The soldier realizes he should not act on empathy since empathy can be manipulated. But can he suppress this natural sentiment? It takes time. The next time a similar situation occurs he does not let the child pass. Instead he smiles at him or tries to make him laugh. These are also signs of weakness. His lenience toward children, if it becomes known, may be used against him. He realizes this when families start encouraging their children to soften him up so they will pass through more quickly. If the harmless Palestinians manipulate him, so can the harmful ones. He makes a further effort to suppress his empathy.
But if sentiments such as empathy are not proper guides for his clear-headed judgment, which are? Strictly following orders leads to failure as well. He was ordered to use his clear-headed judgment to recognize cases to which the orders do not apply. How should he recognize such cases? Any rule for recognizing exceptions will have to be assigned a higher-order rule by which to recognize its own exceptions. This seems to lead to an infinite regress. The soldier gradually realizes that he cannot but fail his mission: the rules and orders he has to guide him are conditional on his judgment, which cannot be guided by any rule. His judgment is bound to be vacuous.
The soldier constantly treats people as innocent although as far as he can tell they might be conspiring against him; he constantly intimidates people who arouse his suspicion although they might, for all he knows, be innocent. There are no principles or rules to help him tell a terrorist from a harmless citizen: everything he does is groundless and he knows it. One soldier tells of a taxi driver who kept passing through his checkpoint to drive wounded children to the hospital. On his way back, the driver always had paying passengers in the back seat. When the soldiers at the checkpoint noticed the “trick” they stopped letting him through. From then on, the wounded kids had to wait at the checkpoint until an ambulance came to pick them up. The soldier explains:
If you let everyone through who comes with a kid and a fractured arm, you’ll be letting terrorists through before you know it. They have no inhibitions. They’ll stop at nothing.
All the malevolent people he might have let through his checkpoint; all the innocent people who have suffered because of him. He goes on, unable to deliberate about the things he’s done, which cause more pain than he has ever witnessed.
Philosophers Sidney Morgenbesser and Edna Ullmann-Margalit distinguish between choosing and picking. We choose between competing alternatives when we believe there is a difference that renders one preferable to the other. We pick between alternatives when we are indifferent to the distinctions between them.
Ullmann-Margalit and Morgenbesser make a further distinction between two kinds of picking situations. There are picking situations proper, where the picker does not believe there is a relevant difference between the options—for example, picking among cans of Campbell’s tomato soup on a supermarket shelf. And there are picking situations by default, in which the picker believes there is a relevant—even crucial—difference between the options but is prevented from recognizing it. For example, a game show contestant faces two identical boxes, one of which contains $1,000 dollars while the other contains nothing.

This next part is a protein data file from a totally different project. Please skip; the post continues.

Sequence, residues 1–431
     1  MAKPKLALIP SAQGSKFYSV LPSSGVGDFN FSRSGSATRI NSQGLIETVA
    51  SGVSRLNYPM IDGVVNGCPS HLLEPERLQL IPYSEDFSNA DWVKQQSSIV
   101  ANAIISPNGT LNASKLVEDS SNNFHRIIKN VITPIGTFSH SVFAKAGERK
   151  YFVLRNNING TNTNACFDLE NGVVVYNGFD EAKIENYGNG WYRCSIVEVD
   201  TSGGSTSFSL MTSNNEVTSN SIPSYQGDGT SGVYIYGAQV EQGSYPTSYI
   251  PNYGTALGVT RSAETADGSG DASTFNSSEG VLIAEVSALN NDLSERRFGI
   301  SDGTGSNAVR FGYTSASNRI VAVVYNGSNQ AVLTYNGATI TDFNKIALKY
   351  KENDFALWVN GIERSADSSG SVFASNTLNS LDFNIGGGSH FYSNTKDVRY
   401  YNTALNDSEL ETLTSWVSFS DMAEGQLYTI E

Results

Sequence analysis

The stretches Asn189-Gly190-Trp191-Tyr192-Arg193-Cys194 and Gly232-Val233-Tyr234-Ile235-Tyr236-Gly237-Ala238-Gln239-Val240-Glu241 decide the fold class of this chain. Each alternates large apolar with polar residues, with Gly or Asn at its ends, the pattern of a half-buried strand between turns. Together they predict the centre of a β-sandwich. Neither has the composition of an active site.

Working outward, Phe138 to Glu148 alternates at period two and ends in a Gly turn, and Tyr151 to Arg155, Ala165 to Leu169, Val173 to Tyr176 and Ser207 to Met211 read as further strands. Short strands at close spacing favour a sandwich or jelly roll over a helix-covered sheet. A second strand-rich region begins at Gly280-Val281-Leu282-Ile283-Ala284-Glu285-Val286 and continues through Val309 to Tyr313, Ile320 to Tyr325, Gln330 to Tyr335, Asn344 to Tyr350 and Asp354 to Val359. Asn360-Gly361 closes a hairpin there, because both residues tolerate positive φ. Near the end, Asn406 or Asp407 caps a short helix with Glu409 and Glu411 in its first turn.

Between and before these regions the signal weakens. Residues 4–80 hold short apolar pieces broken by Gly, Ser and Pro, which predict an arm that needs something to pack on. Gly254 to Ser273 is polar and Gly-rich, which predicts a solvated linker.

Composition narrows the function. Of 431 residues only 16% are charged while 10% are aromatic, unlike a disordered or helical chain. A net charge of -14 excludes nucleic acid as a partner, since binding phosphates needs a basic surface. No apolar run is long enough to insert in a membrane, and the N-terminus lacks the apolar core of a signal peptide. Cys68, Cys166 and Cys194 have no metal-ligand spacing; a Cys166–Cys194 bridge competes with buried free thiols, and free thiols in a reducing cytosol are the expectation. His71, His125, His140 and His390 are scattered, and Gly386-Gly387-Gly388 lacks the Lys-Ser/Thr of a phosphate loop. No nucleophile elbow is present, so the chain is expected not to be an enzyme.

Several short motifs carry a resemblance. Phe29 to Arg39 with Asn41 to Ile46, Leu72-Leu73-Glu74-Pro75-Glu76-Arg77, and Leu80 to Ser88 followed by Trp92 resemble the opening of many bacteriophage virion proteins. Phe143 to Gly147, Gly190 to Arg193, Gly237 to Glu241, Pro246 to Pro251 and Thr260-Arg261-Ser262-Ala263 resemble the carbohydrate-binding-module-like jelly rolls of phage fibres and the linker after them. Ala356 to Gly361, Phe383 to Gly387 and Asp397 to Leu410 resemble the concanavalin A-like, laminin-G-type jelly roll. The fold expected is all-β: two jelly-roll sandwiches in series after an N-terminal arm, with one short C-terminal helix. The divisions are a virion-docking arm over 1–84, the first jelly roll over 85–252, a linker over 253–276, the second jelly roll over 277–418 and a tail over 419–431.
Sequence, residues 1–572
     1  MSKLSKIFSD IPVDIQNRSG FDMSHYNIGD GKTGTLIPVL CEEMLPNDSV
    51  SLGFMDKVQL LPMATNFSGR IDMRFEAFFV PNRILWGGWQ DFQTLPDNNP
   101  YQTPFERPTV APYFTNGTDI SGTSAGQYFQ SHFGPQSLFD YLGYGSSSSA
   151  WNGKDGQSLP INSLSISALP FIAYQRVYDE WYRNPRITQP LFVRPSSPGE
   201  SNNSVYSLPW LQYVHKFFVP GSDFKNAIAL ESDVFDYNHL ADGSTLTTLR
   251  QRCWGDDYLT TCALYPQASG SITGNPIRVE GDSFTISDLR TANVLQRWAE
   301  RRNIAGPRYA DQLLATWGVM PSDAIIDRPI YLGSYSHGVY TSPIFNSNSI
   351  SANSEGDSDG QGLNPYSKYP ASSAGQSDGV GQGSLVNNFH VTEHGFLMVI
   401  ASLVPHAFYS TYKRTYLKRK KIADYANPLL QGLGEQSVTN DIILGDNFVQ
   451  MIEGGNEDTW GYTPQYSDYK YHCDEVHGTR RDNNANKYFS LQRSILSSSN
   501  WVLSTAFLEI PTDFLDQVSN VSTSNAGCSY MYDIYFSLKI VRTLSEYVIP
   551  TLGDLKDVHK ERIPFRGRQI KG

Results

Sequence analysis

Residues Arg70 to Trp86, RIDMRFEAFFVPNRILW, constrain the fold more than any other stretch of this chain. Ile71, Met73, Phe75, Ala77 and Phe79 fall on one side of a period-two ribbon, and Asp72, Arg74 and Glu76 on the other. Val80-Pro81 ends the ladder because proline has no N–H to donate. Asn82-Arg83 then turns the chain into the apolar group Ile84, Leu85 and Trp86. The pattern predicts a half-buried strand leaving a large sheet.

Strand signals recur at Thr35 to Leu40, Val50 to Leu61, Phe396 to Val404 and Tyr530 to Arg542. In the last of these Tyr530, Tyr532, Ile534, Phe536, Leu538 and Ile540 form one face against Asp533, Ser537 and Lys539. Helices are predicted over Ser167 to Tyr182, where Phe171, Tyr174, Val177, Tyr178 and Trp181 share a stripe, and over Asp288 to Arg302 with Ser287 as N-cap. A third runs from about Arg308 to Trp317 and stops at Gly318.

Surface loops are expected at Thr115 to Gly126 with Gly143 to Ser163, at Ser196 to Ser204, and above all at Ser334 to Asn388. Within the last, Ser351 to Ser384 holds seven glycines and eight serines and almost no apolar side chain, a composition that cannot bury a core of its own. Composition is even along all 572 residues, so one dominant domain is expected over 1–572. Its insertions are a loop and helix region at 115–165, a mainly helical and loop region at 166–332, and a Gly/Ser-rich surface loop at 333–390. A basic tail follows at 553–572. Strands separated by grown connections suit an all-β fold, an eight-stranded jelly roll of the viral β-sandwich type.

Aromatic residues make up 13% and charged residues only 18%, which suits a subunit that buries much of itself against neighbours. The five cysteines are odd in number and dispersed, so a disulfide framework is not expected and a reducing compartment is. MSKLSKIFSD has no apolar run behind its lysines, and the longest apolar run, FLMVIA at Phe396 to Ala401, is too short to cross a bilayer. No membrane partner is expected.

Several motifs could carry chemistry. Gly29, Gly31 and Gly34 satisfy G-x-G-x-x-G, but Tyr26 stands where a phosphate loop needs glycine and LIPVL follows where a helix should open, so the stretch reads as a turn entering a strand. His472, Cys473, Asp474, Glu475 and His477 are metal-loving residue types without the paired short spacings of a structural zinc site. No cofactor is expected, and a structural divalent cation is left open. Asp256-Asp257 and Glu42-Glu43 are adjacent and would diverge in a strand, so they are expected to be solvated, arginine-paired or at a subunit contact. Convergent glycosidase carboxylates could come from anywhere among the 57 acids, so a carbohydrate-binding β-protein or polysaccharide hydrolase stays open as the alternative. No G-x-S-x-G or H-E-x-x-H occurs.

Due to the clear headed–judgment clause, there is no principled way to distinguish among Palestinians who attempt to pass through the checkpoint. The checkpoint, therefore, falls short of a choosing situation. But the soldiers might regard their situation as either a picking situation proper (where there are no actual differences among the people they encounter) or a picking situation by default (where the differences, though significant, are inaccessible).
A soldier at the checkpoint might not care which particular Palestinian will experience his demonstration of force and therefore will not find it troubling to pick. Think again of the proper-picking supermarket experience: you just grab a can of Campbell’s tomato soup from the shelf. You do not care which can of Campbell’s tomato soup it will turn out to be. In the case of the soldier, he must be indifferent not only to the suffering of innocent Palestinians whom he might treat as dangerous suspects, but also to the suffering of innocent Israelis who might be harmed if he fails to suspect malevolent passers-by.
The checkpoint soldier who believes that there is an important difference between treating someone as a dangerous suspect or as an innocent civilian—and that he is prevented from acting on this belief—must pick by default. He is like the game show contestant who wants the box with the $1,000 rather than the empty box, but all he can do is pick a box and hope the consequences of his action will correspond to his wishes.